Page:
There is a desperation method of boosting microphone volume with the application of a Cloud Lifter between the microphone and the interface or mixer. You won’t be doing that because the Lifter “uses up” the 48 volt phantom power leaving nothing for NT1-A. So this has to work with no tricks.


Double checked the manual. Redid installation. Did the extended 48v press.
Moved the mic to make sure I was in front of the dot.

I do see a difference between recording stereo vs mono. But in stereo I only have one side. I did check that windows was set to stereo as well.
stereo vs mono.png

That 6dB drop (half) between stereo and mono waves may be normal in your system. That’s the system “making room” for the addition of left and right to make mono.

The bottom trace in your illustration is almost normal. Push the volume control all the way up on the 2i2, record in stereo and make a test clip according to this:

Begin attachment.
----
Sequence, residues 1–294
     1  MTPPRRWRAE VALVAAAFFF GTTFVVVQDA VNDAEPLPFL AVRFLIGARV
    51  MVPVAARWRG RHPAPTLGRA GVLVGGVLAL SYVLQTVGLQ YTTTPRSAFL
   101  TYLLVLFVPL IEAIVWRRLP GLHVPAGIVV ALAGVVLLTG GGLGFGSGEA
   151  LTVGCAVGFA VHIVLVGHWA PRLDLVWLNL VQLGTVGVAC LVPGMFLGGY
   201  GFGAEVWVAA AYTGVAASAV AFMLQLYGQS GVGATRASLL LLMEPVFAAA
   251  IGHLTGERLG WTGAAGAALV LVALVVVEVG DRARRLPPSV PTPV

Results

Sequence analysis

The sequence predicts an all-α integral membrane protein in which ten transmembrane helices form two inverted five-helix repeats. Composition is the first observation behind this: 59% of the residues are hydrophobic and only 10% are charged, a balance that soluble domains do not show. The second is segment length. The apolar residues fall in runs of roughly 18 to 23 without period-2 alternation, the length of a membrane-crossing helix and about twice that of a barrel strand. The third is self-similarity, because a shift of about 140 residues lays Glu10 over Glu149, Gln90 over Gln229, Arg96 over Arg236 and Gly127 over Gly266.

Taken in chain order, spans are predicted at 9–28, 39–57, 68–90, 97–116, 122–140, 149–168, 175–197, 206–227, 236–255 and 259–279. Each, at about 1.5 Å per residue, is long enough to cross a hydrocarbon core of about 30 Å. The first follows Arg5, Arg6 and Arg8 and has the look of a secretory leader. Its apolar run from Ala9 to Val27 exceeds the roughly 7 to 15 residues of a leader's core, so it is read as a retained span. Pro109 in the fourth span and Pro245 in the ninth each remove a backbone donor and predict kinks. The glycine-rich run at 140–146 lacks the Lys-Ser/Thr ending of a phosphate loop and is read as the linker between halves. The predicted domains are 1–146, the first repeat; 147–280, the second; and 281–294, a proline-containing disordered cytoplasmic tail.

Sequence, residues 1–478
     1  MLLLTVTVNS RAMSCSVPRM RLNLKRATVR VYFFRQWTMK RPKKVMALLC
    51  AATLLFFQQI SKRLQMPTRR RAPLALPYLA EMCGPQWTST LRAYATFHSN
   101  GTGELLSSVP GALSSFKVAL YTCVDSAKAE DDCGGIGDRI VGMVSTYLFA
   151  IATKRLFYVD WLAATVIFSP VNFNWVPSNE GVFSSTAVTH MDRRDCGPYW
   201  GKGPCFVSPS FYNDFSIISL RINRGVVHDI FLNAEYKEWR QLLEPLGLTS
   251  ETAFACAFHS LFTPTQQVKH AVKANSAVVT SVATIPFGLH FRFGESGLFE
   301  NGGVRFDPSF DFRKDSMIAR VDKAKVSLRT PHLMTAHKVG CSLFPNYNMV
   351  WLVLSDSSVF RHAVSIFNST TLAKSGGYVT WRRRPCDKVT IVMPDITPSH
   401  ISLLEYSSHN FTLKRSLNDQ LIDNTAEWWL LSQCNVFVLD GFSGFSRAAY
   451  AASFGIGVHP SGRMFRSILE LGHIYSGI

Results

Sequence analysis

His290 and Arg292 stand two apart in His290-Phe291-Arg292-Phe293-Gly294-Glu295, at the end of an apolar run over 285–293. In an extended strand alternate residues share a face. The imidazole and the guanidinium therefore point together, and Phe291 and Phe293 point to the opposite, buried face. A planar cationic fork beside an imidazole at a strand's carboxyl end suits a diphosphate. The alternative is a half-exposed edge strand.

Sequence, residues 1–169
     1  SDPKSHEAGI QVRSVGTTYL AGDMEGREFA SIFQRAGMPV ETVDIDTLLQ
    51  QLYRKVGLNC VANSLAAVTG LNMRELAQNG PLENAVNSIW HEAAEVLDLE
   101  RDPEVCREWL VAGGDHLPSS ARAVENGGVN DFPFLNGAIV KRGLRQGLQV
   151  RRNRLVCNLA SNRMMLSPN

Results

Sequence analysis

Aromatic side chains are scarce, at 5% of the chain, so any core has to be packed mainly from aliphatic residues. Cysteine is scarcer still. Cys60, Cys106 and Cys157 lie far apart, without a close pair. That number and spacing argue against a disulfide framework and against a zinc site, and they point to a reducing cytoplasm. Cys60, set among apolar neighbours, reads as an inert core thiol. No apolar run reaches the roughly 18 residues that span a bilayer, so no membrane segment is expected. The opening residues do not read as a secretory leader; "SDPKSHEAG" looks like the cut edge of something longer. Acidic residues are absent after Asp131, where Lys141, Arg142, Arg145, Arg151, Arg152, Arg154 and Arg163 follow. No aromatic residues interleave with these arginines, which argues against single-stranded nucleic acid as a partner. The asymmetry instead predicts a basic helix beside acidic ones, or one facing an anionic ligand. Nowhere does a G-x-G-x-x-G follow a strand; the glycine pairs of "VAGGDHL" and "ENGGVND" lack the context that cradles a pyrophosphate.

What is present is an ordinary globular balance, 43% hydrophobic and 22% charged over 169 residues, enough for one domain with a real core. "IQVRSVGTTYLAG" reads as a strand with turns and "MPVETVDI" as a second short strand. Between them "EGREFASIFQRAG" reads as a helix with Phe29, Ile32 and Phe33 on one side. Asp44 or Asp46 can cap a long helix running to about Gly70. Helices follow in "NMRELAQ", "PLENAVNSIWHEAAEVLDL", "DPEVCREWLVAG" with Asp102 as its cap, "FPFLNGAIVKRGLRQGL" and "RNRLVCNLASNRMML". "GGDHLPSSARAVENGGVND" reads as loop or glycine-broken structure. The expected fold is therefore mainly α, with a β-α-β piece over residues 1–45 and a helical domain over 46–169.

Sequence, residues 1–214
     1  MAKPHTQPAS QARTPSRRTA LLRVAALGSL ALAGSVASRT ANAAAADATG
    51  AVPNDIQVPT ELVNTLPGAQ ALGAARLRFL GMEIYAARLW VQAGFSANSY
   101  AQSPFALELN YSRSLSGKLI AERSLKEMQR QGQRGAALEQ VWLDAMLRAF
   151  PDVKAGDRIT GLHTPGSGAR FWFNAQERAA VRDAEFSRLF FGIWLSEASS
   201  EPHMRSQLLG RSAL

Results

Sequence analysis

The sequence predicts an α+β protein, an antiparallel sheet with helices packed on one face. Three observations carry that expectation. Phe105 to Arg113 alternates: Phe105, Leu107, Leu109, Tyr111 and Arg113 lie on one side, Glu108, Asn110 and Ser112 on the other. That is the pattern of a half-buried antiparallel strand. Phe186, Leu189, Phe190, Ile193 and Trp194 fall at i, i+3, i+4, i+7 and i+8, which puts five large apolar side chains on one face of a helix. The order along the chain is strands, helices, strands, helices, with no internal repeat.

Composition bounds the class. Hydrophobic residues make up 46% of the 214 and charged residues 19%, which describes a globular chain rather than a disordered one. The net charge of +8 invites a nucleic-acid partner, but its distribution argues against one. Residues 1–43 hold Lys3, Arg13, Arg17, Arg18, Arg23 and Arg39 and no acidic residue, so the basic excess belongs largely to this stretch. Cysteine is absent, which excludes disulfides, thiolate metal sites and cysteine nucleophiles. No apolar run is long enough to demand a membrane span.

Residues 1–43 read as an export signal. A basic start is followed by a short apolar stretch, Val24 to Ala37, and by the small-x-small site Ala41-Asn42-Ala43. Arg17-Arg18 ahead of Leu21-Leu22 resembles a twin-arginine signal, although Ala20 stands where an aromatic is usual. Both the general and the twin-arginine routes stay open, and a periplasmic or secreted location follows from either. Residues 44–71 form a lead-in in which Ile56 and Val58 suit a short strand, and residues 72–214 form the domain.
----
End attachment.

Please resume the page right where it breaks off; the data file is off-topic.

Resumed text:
Post it. Use real conversational words, not, “Testing one two three.” Read a cereal box or milk carton.


Go down the blue links in that post. They’re very short.


Here you go. Recorded stereo, split to mono. Gain on the 2i2 to almost max.

I’m working in the field right his second, so I can’t listen, but I didn’t have any trouble mastering your work to ACX Audiobook Technical Compliance. I pushed modest noise reduction in there just to be sure.

Again, I can’t tell what you or your background sounds like. I’ll do that a bit later.

But on a first pass, you should be able to announce a book or other voice-over work exacty like you did this. The fuzzy rule of thumb is if you can reach ACX Technical Compliance, you should be good to go for everybody else.

I need to play Real Life for a while.


Listening with my ears now (the best way, I found).